Annual Foreign Students Dinner

Rotary Club Pavia traditionally holds its Annual Foreign Students’ Dinner at the Collegio Fratelli Cairoli.

The inscription above the Collegio’s entrance states that in 1946 Plinio Fraccaro, President of the University of Pavia, obtained from the Italian Defence Minister (“praefectus securitati Italiae tuendae”) Manlio Brosio the property of the building, to be fitted out as hall of residence. Initially a Franciscan convent, it was transformed into the Collegio Germanico Ungarico by emperor Joseph II in 1783 to lodge 33 theology students. Under Napoleon, it was transformed into barracks.

The commemorative inscription dates from 1947.

President Plinio Fraccaro, who held this position from 31 August 1943 till 16 Febbruary 1944 and again from 1945 till 1959, was Professor of Greek and Roman History at the University of Pavia and a founding member of Rotary Club Pavia. He was also instrumental in the establishment of the first ladies’ hall of residence in Pavia in 1954, the Collegio Castiglioni Brugnatelli. It was housed in what had been the first hall of residence in Pavia, established by Cardinal Branda Castiglioni in 1429 in his private residence. First known as Collegio di Sant’Agostino, then under the name of its founder, it was incorporated by Collegio Ghislieri in 1803 with its remaining four students. In the booklet published on the occasion of the new hall’s thirtieth anniversary, the Turkish student Feryal Akin, who arrived in Pavia in November 1962, recalls how she attended RC Pavia’s annual dinners with the Collegio’s headmistress.

The “collegi” as part of the University of Pavia

In this field, Plinio Fraccaro reactivated a century-old tradition of the local university, as recounted by Giampaolo Angelini in his essay Domus, Schola, Gymnasium. Il sistema e l’architettura dei Collegi universitari, published in volume I, part I (pp. 375-382) of the Storia dell’Università di Pavia, edited by Dario Mantovani. The author stresses that “The two halls of residence founded by Carlo Borromeo and Pius V Ghislieri in the seventh decade of the sixteenth century attest to the longevity of these institutions; not perchance they arose at a time when these institutions had established themselves since the beginnings of the fifteenth century and had thus clearly defined the distinctive elements they had to measure up to so as to ensure the duration and the efficacy of the initial aims. These distinctive elements... are those which in the course of time allowed the Colleges of Cambridge and Oxford, the Parisian Collèges and the Colegios mayores in Spain to emerge as fundamental cultural and economic elements of their respective nations.”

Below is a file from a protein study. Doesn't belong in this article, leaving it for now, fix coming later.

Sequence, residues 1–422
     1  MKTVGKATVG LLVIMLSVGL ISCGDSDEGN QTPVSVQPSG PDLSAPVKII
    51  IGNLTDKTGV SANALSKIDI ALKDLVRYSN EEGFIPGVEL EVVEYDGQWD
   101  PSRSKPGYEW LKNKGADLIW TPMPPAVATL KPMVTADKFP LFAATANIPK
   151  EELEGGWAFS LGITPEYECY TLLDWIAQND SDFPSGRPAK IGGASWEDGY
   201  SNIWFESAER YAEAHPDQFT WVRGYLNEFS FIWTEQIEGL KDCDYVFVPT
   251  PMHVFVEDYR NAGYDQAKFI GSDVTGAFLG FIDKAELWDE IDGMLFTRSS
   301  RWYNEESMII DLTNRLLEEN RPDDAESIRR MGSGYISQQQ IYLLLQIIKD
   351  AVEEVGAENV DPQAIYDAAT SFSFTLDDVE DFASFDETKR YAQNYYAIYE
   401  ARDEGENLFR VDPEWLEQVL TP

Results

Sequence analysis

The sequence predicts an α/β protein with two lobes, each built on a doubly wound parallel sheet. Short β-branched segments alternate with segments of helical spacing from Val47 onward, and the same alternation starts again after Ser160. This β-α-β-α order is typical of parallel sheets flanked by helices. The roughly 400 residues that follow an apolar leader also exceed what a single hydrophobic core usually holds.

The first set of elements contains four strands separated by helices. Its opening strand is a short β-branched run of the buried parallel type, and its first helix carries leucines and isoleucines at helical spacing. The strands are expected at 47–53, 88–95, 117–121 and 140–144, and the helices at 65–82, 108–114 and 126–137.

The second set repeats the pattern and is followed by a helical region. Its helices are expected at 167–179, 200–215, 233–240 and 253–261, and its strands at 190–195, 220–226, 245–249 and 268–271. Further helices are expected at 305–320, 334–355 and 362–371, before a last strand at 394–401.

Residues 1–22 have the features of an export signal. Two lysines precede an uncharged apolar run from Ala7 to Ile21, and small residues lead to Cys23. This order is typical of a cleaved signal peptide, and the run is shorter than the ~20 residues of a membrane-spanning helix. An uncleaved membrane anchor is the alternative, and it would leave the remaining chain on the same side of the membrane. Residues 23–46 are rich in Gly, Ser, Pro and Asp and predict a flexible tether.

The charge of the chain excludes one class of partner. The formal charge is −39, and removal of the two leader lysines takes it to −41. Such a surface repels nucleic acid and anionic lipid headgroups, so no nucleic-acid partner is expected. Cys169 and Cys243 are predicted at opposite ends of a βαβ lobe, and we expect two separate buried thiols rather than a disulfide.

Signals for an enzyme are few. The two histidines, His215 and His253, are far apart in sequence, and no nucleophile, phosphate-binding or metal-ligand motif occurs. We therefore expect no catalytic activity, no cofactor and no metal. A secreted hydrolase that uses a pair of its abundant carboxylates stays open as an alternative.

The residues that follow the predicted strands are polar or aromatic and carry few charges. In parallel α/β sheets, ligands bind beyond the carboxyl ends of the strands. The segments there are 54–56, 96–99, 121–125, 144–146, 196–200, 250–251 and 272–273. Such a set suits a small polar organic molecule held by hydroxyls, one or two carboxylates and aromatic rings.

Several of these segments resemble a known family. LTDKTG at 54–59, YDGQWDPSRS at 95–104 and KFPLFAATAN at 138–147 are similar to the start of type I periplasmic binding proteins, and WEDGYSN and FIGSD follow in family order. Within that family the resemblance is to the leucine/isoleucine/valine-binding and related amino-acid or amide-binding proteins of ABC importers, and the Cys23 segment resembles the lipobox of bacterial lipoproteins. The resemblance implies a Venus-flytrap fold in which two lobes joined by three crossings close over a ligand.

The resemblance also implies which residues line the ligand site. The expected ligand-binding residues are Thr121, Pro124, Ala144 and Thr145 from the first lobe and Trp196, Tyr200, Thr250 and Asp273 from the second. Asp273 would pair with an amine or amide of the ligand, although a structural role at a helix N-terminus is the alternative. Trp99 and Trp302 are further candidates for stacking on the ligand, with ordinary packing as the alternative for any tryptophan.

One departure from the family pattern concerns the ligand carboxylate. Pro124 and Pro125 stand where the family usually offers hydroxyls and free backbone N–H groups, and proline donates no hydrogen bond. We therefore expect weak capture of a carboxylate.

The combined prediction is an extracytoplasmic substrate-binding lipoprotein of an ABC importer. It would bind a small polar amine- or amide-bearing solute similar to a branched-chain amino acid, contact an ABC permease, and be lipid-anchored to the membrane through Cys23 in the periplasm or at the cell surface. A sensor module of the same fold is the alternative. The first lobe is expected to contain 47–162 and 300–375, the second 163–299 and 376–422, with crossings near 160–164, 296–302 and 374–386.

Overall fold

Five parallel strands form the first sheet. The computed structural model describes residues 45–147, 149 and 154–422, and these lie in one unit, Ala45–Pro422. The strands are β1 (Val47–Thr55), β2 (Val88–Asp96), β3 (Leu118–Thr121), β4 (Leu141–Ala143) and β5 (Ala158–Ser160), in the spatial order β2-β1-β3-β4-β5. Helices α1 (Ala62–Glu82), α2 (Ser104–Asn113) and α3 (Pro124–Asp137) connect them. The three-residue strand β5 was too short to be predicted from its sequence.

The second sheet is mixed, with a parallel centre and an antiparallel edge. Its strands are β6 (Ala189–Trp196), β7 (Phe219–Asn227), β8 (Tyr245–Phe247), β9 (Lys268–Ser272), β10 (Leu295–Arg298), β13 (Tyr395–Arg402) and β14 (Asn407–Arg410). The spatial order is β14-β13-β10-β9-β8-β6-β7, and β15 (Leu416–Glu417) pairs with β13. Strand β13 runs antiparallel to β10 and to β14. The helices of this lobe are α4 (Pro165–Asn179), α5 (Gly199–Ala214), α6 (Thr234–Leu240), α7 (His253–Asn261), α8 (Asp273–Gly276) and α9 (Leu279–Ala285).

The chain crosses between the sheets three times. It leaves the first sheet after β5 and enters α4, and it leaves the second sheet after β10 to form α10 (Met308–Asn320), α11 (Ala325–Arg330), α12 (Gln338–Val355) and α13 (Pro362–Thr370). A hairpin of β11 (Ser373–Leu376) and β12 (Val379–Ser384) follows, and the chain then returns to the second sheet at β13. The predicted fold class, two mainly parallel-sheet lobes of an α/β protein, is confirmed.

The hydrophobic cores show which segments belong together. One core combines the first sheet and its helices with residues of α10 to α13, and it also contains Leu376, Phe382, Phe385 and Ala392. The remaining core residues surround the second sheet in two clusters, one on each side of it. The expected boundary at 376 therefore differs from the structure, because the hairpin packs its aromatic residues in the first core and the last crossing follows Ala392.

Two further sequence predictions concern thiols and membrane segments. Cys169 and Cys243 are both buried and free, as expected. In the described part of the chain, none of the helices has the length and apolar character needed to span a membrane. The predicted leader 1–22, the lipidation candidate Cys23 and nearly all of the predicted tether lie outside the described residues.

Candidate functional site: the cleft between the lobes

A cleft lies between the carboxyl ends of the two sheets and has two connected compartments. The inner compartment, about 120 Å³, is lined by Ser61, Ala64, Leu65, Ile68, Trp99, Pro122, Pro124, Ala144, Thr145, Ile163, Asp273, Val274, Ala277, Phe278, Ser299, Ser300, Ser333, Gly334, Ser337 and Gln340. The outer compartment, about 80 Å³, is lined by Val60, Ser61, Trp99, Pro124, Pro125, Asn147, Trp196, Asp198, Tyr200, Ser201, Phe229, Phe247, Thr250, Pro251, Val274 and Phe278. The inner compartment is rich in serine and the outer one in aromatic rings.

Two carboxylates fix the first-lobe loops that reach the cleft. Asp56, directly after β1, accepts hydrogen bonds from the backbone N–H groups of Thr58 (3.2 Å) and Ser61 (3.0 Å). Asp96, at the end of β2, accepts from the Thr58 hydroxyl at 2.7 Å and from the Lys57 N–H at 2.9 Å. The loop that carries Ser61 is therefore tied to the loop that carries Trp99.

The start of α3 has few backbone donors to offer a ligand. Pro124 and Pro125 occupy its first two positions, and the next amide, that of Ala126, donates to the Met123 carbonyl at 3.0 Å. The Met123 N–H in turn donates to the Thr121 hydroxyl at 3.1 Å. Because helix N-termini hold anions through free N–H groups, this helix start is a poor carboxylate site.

Giampaolo Angelini situates Pavia’s collegi in the European context as follows: “The most ancient institution in Pavia was the Collegio di Sant’Agostino, later known under the name of its founder, cardinal Branda Castiglioni. It dates from 1429, thus long after the oldest Parisian Collèges, established between the end of the 12th and the mid 13th century, or the most famous collegio in Bologna, founded by cardinal Gil Carillo de Albornoz in 1365-1367, known as Collegio di San Clemente or Collegio di Spagna... At the end of the century Paris vaunted more than seventy colleges, as compared with the fifteen of Padua, eleven of Bologna and eight of Pavia...  The colleges thus arose with the principal aim of granting hospitality to meritorious but needy young men: the institutions thus offered free lodging and various services, distinguishing them from the student lodgings already existing in town”.

The colleges in Pavia were housed in the private residences of their founders. Giampaolo Angelini mentions the following: Collegio Sacco, established by will by the jurist Catone Sacco in 1456 but inaugurated only in 1480 because of the hostility of his heirs, open to needy students of theology or of civil or canon law from north of the Alps (the first college reserved for foreign students, although Collegio Castiglioni did receive a number of them). This college closed in 1525; in 1465 Giovanni Matteo Ferrari from Grado, personal physician to Bianca Maria Visconti, founded a college, as did the jurist Raimondo Marliani from Milan in 1475, the physician Ambrogio Griffi from Milan in 1489, Martino Cazzaniga in 1524, the jurist Torri in 1619, Giovan Francesco Caccia in 1616 but inaugurated only in 1670 at the extinction of the family.

Contrary to the colleges mentioned above, Borromeo and Ghislieri were housed in purpose-built edifices, “aiming mainly at helping young men from good but needy families and at creating, in the at all times turbulent university of Pavia, a decidedly catholic centre, whose example would be very useful for the cultural policy of the Counter-reformation”. (Quotation from the Ghislieri yearbook 1952-1957, page 61). Since 1946, when there were 4 foreign students, and ending 1997, this college has welcomed 493 foreigners, with a maximum of 15 in 1982.